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Environmental Forensic Analysis Using Enhanced Petroleum Hydrocarbon Testing | Eurofins TestAmerica Laboratories

Enhanced Petroleum Hydrocarbon Testing

Environmental Forensic Testing

Crude oil and oil products contain a complex mixture of hydrocarbons as well as minor amounts of sulfur, oxygen, nitrogen, nickel and vanadium.  Due to variations in crude oil and refining processes, environmental samples have unique chemical fingerprints that can provide the basis for identifying and distinguishing the sources of released oil or oil products.  The release of hydrocarbons into the environment can require extensive environmental cleanup activities as well as an assessment of the potential damages to terrestrial, aquatic and/or marine natural resources. In certain situations, the spatial and temporal extent of damages may need to be assessed using chemical fingerprinting.

Chemical Fingerprinting

Chemical fingerprinting allows for the comparison of unique diagnostic chemical features of potentially impacted environmental samples.  Data is used to assess potential liability as well as monitor short and long term environmental impacts.  Chemical fingerprinting can include the determination of petroleum hydrocarbons as petrogenic, pyrogenic and/or biogenic based on patterns.

Environmental forensic chemists use data generated from specialized environmental hydrocarbon testing methods such as those for Saturated Hydrocarbons (SHC), Polycyclic Aromatic Hydrocarbons (PAHs) and their alkylated homologs and/or Petroleum Biomarkers.  Saturated hydrocarbons and biomarkers are used together to track source signatures of petroleum in the environment.  Saturated hydrocarbons can identify the petrogenic source (distillates, residual petroleum or coal).  Biomarkers can be used to distinguish petroleum sources.

Saturated Hydrocarbons (SHCs)

SHCs are the simplest and most dominant class of hydrocarbons in crude oil.  They contain only single bonds between carbon atoms and each carbon atom is saturated with hydrogen.  Cycloalkanes are also SHCs since they are single bonded carbon atoms joined in a ring structure.

Pristane and phytane are the dominant saturated hydrocarbon biomarker isoprenoid components of crude oils.  The pristane/phytane (Pr/Ph) ratio is used as an indicator of the oil source. These correlations are based on the concept that the composition of biomarkers in spill samples does not differ from those of the source oils.  The ratio of the pristane to n-alkane C17 (Pr/n-C17) and phytane to n-alkane C18 (Ph/n-C18) are a rough indication of the relative state of biodegradation.  The SHC analysis provides for the distribution of alkanes from C8 to C40, as well as selected isoprenoids [pristane & phytane] & cyclohexanes.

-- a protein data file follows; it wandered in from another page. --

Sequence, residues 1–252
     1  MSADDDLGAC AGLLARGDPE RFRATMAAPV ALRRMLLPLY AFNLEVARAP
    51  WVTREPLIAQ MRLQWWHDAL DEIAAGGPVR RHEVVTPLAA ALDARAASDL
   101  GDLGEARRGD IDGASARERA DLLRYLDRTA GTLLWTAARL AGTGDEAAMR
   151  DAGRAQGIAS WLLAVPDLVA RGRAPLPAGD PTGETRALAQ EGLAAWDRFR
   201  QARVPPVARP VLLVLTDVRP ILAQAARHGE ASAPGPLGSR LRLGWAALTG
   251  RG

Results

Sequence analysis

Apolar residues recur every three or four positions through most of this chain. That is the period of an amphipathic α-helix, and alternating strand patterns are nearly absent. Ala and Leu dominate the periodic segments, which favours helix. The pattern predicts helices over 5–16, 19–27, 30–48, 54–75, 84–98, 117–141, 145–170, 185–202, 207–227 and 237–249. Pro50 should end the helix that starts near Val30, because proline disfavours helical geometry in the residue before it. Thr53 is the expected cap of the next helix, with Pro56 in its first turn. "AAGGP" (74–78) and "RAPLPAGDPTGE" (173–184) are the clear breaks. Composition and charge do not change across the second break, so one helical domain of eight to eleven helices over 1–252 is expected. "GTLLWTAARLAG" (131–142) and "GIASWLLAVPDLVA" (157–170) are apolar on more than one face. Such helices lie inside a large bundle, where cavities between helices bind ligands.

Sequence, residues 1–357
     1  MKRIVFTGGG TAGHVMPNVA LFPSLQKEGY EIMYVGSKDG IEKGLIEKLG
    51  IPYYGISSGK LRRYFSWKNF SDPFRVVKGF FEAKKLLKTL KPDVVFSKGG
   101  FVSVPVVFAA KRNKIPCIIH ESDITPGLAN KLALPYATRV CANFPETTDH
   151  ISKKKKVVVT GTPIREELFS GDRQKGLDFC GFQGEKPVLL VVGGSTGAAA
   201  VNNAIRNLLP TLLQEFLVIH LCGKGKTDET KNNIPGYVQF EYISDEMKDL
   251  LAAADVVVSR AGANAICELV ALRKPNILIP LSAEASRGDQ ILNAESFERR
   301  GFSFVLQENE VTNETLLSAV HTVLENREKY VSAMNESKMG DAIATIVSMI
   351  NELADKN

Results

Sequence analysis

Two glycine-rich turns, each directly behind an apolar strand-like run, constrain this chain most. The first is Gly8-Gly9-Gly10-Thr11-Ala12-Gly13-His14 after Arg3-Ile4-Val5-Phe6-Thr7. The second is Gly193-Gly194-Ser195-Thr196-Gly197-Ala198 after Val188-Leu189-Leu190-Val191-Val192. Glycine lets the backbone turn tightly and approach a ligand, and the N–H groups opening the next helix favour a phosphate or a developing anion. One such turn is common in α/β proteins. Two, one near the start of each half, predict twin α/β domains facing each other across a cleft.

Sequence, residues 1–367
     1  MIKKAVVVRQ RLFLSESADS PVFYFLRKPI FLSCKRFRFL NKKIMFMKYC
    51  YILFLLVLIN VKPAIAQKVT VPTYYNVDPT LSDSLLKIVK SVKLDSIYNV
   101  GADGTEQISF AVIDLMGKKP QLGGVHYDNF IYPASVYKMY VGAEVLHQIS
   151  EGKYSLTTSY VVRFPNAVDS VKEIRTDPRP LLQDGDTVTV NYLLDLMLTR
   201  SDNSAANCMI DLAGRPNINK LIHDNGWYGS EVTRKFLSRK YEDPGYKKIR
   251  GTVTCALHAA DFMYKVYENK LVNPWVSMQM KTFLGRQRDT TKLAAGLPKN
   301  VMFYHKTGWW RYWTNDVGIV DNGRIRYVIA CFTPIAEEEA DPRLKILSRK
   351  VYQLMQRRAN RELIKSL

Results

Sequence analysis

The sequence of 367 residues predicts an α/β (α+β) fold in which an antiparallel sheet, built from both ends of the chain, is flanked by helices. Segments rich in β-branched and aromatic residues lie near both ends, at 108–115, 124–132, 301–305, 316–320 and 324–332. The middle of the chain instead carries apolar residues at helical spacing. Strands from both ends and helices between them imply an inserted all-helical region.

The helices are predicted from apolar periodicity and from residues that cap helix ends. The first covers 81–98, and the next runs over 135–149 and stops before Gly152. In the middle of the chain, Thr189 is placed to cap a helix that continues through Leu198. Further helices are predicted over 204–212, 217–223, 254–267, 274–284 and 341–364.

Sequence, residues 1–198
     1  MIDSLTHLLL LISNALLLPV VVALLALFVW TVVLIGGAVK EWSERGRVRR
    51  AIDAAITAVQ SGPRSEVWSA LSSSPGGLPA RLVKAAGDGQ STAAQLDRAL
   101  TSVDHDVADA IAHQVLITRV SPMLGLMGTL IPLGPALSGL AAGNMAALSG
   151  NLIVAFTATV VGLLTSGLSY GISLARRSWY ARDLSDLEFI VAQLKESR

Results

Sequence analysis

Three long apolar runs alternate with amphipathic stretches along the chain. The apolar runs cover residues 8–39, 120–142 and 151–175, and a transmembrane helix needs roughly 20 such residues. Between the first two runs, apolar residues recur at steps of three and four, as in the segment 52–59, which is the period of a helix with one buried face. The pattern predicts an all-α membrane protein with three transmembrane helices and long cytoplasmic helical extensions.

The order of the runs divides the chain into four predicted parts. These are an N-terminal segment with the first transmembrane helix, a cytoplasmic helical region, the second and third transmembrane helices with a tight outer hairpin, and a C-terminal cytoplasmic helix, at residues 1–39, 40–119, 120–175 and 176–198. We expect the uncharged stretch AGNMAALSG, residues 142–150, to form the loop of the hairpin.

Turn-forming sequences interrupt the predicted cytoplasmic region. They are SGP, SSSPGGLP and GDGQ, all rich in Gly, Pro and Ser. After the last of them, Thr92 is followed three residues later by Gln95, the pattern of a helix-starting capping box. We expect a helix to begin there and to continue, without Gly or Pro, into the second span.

Polycyclic Aromatic Hydrocarbon (PAH) & Alkylated Homologs (aPAH)

PAHs have two or more fused aromatic-ring compounds consisting solely of carbon and hydrogen molecules.  The PAHs most commonly encountered in the environment contain two to seven fused benzene rings.  PAHs in petroleum products range from one- to five-ring combinations.

The unsubstituted aromatic structures are referred to as the parent PAHs.  These PAHs can also have branched or alkyl group substitution on their ring structures that are referred to as Alkylated PAHs. The alkyl groups generally have one to four saturated carbon atoms, and thus can produce many different structural homologs for each aromatic hydrocarbon family. The most abundant aromatic hydrocarbon families have one to four carbon atom alkyl group substitutions denoted by C1-, C2-, C3-, and C4.  Parent PAHs in petroleum products are usually present in low concentration since crude oils contain primarily the alkyl PAHs.   In contrast, parent PAHs in coal tar can be found in high concentrations. Therefore, a full PAH signature including the alkylated homologs is required for an environmental forensic evaluation.

Biomarkers

Biomarkers are complex molecules derived from the formerly living organisms that are the basis of the crude oil. Biomarkers are unique in that they are weather resistant and show little or no change to the parent organic molecules. Due to the wide range of geologic conditions, these compounds retain most of their organic chemical structure from their original product, and are the source signatures of petroleum.  These compounds provide more information about the oil source than any other compounds.  In comparison to the other components of crude, they are often found in low concentrations. The chemical analysis of these compounds and diagnostic ratios are frequently used for oil release identification by environmental forensic chemists.   

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